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I told Galvin about my expectations around Apple, Inc. and it’s stocks potential, and why. And, he told the world. I’ll remind you of that by pointing you to:  not what you were thinking.

What did you do?

Then I gave you, all of you, fair (fair) warning with: how Verizon might spank Android.

Now, with the publishing of the story: Could Apple Hit $1,000?, in the venerable Wall Street Journal yesterday, it’s a reasonable bet, the market will drive you and Apple stock towards $1000.

What are you going to do, now?

Come on! Do it!

Peace be to my Brothers and Sisters.

Brian Patrick Cork


Estimates vary widely but some credible sources think we could run out of new IP addresses as early as this February.

Go ahead and try to sleep now. I dare you.

Historically, every gizmo – PC, networked printer, IP telephone – that communicates with other gizmos over a computer network has been assigned its own, unique number (something like 172.17.60.22) called an IP address.  That identifying number is how the InterWeb knows to display this blog post on your laptop, and not on your colleague’s iPad.

Don’t panic.  This does not mean that your iPhone will stop accepting texts sometime late this winter or that you won’t be able to buy any more shiny Internet-enabled gadgets.  Network engineers are smart folk and they have foreseen this inevitability for years.  In fact, the new addressing protocol, called IPv6 (don’t ask about IPv5) was standardized way back in 1998 and allows for 2128 addresses.  That’s an unimaginably big number.  In fact, it’s enough to assign a unique Internet address to every single atom on the planet according to this web site, which provides some other amusing comparisons.

Heads-up… Keep an eye out for what Bob Twitchell and hearty and ferocious band of engineers are doing over at Dispersive Network Technologies. Sharzing is naught less than bad-ass, and wicked-cool.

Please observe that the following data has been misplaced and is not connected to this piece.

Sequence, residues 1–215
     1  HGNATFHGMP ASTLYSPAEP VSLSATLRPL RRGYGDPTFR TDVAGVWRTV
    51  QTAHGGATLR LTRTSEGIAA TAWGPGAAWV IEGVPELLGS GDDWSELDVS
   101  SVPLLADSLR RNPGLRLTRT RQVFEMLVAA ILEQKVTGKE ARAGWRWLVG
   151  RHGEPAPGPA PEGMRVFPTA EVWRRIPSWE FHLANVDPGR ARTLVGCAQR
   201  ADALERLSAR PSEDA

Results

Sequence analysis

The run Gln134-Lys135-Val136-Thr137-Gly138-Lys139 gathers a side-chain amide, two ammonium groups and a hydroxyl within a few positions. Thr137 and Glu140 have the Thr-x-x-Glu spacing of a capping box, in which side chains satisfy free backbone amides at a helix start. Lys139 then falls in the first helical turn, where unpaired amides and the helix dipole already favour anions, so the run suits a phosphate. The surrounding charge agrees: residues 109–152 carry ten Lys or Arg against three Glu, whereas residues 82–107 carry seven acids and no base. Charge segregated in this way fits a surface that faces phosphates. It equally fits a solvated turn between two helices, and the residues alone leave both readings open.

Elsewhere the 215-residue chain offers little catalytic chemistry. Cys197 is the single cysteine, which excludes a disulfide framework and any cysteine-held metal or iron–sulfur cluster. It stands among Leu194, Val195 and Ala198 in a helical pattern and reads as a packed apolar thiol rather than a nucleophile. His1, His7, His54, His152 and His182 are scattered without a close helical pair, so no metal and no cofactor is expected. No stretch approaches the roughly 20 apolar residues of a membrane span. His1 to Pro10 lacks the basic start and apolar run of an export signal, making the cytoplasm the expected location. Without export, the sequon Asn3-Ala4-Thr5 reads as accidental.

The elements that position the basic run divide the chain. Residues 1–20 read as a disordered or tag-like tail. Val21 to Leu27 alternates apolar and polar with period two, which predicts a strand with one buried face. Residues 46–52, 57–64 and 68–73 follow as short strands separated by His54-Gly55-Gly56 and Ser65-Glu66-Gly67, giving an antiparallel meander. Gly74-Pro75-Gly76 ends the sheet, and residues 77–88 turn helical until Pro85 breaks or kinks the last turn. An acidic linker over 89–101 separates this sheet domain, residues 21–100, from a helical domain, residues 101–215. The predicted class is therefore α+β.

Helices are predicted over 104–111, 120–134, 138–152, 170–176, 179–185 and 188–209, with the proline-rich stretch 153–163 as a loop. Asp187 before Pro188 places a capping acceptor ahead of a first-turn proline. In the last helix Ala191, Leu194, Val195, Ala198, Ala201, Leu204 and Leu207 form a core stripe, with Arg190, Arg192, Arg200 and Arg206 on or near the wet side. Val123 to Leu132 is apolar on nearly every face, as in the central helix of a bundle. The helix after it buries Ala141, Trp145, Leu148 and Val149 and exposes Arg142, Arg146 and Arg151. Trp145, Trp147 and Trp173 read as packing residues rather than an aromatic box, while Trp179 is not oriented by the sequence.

Peace be to my Brothers and Sisters.

Brian Patrick Cork

The fact is most opportunities are not corollary to the obvious.

Ten years will come-and-go quickly. It already has, and it will do so, again. And, along the way, Apple’s stock could well hit one thousand dollars ($1,000.00). You can take my word for it. But, here is additional insight.

As Galvin makes his case, Apple’s revenues may triple in the next ten years. So, the stock could indeed hit $1000. But, the real play is not so obvious, and will likely be in the form of fiber optics – because that is what is needed to pipe the content. But, Data Centers will have their role as well. And, dudes like Bob Twitchell (big smarty pants genius that he is) will help lead the way with emerging technology that makes relative technology faster, more secure, and less costly.

Reactionary investment strategy like reading news briefs off MSN and Yahoo! will kill you. Whereas proactive research will build wealth. So… read between the lines from cross-referenced information. Think in terms of convergence. For example, “Apple”, “Video Anywhere”, “Fiber Optics”, “Data Centers”, and “Venture Capital”.

Follow the money BEFORE the thundering herds sort it out.

It’s about foundational thinking and strategy – relative technologies that make for great strategic partnerships. One element of the formula building off of another.

Now you owe me.

Soon… More insight into being a physical bad-ass at fifty, and great Margarita tips.

Peace be to my Brothers and Sisters.

Brian Patrick Cork

Christmas has come-and-gone. However, what remains are on-going decisions relative to technology acquisitions.

Is it a new computer, or the iPad?

That’s simply short-term thinking around new toys.

However, here, yes right here, is is your peek into the reality relative to what’s to come (this will be affecting trends, and the stock market)…